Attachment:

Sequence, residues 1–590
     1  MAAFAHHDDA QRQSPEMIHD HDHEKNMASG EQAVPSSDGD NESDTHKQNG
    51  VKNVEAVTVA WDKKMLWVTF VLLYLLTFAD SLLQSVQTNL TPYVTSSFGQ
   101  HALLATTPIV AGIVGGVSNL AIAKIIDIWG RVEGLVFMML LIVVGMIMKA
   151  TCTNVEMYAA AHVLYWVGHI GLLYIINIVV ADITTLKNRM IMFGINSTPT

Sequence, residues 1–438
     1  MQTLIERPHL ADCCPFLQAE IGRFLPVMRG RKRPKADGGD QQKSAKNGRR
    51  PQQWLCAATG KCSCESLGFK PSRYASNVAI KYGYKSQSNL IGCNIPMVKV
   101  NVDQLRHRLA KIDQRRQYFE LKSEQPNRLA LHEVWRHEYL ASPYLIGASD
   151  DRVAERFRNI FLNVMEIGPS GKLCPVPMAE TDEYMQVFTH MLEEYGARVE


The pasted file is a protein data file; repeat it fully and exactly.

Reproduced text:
Sequence, residues 1–590
     1  MAAFAHHDDA QRQSPEMIHD HDHEKNMASG EQAVPSSDGD NESDTHKQNG
    51  VKNVEAVTVA WDKKMLWVTF VLLYLLTFAD SLLQSVQTNL TPYVTSSFGQ
   101  HALLATTPIV AGIVGGVSNL AIAKIIDIWG RVEGLVFMML LIVVGMIMKA
   151  TCTNVEMYAA AHVLYWVGHI GLLYIINIVV ADITTLKNRM IMFGINSTPT

Sequence, residues 1–438
     1  MQTLIERPHL ADCCPFLQAE IGRFLPVMRG RKRPKADGGD QQKSAKNGRR
    51  PQQWLCAATG KCSCESLGFK PSRYASNVAI KYGYKSQSNL IGCNIPMVKV
   101  NVDQLRHRLA KIDQRRQYFE LKSEQPNRLA LHEVWRHEYL ASPYLIGASD
   151  DRVAERFRNI FLNVMEIGPS GKLCPVPMAE TDEYMQVFTH MLEEYGARVE